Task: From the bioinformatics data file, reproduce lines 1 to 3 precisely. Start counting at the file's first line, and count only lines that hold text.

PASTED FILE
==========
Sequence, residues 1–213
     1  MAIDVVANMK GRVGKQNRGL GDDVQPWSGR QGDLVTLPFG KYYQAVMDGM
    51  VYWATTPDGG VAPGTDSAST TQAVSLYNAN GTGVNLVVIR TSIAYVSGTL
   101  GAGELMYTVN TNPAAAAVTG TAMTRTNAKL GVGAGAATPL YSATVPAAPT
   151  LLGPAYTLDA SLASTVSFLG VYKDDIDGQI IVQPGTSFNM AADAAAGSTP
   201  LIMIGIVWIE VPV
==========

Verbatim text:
Sequence, residues 1–213
     1  MAIDVVANMK GRVGKQNRGL GDDVQPWSGR QGDLVTLPFG KYYQAVMDGM
    51  VYWATTPDGG VAPGTDSAST TQAVSLYNAN GTGVNLVVIR TSIAYVSGTL